Eating Disorders and Emotions: Inside Out

Eating Disorders and Emotions: Inside Out

If you haven’t seen the movie Inside Out, or you want a chance to see it again and discuss its incredible message, please join us at Positive Pathways for Movie Night on December 11th from 6-8pm! (more details at the end of this post) Movies can be a great way to add context to things that we are going through – like eating disorders and emotions. The journeys of characters can help us gain different perspectives on our situations. To illustrate how we can navigate through the complexities of eating disorders and emotions, the movie Inside Out by Disney’s Pixar offers a wonderful roadmap. Inside Out is a great story about a young girl and an emotional journey. It combines elements of the hero’s journey with important emotional truths about the human experience. For those struggling with eating disorders and emotions, this movie can be a great analogy for the interplay of our primary emotions, and how to allow our emotions to come into balance. All of our emotions have a purpose, and while some may be uncomfortable, it is learning how to feel all of our feelings that complete recovery from eating disorders is possible. Without giving too much of the storyline away, Inside Out shows how we need all of our emotions, and that when we favor one, it can squelch important experiences. The main character, Riley, is shown in her stages of developing memories and personality. One of her dominant emotions strives to keep in control of all experiences in order to make Riley happy. Putting on a happy face even when we are feeling sad or angry or...
Eating Disorder Support Groups

Eating Disorder Support Groups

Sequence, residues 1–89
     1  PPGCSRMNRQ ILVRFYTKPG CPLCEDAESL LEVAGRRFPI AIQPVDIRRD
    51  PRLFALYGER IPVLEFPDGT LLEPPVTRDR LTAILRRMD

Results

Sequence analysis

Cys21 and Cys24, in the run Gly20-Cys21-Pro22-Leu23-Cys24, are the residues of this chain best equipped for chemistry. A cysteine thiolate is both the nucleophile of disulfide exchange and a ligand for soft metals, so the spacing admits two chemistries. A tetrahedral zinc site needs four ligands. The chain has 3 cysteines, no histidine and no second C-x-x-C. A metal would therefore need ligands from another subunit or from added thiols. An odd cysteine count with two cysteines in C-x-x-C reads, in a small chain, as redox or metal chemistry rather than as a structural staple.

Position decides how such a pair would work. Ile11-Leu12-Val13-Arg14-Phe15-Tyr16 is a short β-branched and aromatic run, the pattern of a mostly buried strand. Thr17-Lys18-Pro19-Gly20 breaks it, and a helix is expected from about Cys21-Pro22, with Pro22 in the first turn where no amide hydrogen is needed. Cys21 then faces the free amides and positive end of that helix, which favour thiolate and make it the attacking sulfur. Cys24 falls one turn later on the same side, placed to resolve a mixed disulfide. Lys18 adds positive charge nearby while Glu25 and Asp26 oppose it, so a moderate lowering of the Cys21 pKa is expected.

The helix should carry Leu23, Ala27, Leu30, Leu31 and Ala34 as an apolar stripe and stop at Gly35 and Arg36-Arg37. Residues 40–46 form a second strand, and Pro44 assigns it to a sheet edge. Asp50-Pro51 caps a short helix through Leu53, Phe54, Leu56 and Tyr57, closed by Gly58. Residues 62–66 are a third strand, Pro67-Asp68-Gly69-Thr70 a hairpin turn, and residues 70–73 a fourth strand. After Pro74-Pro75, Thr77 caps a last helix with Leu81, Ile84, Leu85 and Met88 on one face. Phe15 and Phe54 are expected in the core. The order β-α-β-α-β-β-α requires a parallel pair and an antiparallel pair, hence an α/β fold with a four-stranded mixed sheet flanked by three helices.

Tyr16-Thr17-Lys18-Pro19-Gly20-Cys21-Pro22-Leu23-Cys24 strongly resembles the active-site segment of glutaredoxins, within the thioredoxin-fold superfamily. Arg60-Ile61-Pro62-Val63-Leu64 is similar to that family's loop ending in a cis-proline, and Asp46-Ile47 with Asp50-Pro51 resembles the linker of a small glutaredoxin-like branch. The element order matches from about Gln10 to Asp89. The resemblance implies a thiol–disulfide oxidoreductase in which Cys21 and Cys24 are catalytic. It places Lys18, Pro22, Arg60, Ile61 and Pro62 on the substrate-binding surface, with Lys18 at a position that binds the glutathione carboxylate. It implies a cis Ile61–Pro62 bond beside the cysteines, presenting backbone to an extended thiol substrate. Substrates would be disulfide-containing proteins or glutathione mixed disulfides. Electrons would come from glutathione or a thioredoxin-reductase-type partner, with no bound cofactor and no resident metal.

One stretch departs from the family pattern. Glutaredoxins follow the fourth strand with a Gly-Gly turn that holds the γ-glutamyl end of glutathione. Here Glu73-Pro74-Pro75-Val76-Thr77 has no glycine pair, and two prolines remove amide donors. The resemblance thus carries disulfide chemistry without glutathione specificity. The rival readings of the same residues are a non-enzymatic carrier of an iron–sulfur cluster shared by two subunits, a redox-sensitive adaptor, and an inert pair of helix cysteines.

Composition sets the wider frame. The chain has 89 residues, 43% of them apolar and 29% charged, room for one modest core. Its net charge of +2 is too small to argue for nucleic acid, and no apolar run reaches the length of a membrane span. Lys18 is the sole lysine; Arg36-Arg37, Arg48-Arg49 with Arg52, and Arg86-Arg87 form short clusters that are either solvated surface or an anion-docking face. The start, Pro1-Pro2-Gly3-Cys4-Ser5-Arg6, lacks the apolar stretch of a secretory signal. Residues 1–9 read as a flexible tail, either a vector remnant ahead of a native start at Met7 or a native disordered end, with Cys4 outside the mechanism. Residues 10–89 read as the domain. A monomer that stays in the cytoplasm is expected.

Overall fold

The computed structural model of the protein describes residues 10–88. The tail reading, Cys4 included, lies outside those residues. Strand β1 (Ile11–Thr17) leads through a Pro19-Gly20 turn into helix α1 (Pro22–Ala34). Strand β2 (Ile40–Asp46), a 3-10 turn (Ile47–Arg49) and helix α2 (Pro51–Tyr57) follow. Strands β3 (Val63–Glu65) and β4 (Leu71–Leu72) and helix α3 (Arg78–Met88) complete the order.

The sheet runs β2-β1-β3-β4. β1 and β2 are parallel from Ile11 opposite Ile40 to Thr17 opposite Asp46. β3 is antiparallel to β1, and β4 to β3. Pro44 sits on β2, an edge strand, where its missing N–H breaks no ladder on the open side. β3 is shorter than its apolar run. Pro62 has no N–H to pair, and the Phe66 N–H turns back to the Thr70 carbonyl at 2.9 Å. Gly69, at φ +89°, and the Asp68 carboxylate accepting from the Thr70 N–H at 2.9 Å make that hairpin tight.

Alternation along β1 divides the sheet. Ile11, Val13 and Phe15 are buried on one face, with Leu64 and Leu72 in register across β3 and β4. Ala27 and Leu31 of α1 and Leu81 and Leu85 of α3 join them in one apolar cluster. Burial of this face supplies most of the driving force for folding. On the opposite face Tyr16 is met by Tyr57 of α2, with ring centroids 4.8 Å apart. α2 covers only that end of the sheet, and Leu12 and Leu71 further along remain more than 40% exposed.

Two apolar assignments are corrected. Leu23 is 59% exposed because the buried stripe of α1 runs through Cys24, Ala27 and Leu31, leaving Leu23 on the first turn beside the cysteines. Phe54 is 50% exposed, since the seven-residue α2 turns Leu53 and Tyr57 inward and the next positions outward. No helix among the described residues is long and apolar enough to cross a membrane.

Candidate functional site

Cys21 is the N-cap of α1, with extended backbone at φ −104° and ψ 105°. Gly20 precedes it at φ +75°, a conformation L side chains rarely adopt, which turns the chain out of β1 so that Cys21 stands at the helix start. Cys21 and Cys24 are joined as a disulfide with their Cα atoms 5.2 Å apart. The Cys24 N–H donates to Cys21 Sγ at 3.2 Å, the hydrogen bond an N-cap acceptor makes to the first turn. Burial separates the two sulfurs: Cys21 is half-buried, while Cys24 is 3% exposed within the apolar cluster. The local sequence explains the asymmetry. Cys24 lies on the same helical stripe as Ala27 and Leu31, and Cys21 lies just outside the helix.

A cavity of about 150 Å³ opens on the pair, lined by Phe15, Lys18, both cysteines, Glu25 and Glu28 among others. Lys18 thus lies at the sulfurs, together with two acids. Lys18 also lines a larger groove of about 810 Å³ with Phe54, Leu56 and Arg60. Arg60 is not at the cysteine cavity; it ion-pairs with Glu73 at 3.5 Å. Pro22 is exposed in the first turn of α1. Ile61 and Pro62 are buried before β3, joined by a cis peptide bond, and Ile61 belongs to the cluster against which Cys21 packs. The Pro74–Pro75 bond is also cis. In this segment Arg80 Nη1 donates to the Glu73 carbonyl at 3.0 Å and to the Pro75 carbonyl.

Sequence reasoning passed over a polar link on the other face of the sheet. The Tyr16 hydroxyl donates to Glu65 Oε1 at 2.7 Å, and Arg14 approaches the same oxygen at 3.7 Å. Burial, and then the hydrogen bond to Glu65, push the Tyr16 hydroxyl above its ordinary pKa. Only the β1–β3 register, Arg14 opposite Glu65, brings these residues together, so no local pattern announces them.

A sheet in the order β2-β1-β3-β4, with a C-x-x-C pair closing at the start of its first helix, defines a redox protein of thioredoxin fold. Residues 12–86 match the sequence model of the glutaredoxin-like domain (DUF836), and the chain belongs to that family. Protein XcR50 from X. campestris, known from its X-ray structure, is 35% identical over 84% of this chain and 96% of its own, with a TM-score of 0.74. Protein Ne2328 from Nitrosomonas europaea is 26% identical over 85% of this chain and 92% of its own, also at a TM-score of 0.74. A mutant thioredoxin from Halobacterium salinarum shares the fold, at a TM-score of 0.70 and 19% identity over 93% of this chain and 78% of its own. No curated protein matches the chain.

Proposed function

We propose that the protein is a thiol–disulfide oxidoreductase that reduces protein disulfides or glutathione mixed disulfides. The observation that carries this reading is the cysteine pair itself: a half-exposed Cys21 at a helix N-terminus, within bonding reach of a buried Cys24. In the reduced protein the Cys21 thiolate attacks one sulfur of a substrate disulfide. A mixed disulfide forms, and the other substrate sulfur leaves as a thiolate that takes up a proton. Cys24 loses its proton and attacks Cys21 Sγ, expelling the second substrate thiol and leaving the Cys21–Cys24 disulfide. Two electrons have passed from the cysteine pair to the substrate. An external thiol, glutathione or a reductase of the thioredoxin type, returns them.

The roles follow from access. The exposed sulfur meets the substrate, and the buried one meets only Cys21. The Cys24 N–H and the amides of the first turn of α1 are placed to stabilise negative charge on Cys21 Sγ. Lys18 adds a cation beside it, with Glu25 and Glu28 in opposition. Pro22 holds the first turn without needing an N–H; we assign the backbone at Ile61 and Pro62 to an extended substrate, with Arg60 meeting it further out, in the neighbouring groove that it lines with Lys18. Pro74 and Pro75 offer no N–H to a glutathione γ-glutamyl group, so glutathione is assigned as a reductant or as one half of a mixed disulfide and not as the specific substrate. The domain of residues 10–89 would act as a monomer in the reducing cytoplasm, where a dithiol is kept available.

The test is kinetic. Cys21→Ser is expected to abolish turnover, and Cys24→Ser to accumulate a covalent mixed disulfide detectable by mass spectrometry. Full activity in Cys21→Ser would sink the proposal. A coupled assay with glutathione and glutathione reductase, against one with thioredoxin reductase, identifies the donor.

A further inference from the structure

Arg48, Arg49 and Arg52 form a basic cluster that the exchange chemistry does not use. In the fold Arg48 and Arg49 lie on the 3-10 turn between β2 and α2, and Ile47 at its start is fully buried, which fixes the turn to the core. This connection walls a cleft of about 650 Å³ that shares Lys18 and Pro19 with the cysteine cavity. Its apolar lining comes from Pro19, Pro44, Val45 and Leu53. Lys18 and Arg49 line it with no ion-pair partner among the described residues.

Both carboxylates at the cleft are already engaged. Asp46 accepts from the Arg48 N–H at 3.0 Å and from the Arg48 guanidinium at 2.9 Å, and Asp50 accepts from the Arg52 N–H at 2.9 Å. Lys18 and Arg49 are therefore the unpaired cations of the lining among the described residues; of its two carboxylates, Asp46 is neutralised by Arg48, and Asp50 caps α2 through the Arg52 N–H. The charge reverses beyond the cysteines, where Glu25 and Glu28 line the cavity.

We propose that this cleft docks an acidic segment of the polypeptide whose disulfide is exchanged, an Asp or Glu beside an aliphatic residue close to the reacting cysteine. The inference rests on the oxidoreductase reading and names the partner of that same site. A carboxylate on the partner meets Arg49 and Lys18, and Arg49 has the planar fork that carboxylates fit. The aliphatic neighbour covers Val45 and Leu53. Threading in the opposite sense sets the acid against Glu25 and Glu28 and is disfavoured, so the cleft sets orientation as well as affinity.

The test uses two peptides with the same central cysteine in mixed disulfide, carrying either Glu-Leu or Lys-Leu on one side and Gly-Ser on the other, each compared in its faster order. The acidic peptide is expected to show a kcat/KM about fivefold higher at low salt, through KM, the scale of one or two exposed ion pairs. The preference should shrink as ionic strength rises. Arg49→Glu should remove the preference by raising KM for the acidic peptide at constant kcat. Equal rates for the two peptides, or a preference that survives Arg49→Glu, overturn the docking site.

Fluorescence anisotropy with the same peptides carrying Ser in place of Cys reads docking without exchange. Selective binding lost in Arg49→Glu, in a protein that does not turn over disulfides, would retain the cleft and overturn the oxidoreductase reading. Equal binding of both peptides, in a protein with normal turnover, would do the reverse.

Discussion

I remember what it was like when I was struggling with eating disorders – I tried to hide my eating disorder behaviors from others, I justified my actions if I was confronted, and I denied that I had a problem. I felt ashamed about my eating disorder behaviors, confused because I couldn’t control them, and afraid to ask for help. To cover up all of those uncomfortable feelings, I turned to my eating disorder even more. Can you relate? Eventually, I had a moment of honesty with myself – I admitted that I had an eating disorder, and that I needed help. I had a friend who was in school to be a social worker, and I contacted her to see if she had any resources for me. She told me about eating disorder support groups in my area, and suggested that I start there. What?!? Walk into a room full of people I don’t know, with the label eating disorder stuck to me? My friend explained that other people at eating disorder support groups probably felt the same way when they went to their first meeting. She added that although I might not know anyone, that we would all share a similar experience – and that I would quickly feel understood and connected with others. Really? There are other people like me? I won’t have to feel so alone any more? I contacted the facility where the eating disorder support groups were held, to get some additional information, and to ease my worry about what to expect. I learned that there were usually 4-6 people at the eating disorder support groups, and that the groups were led by...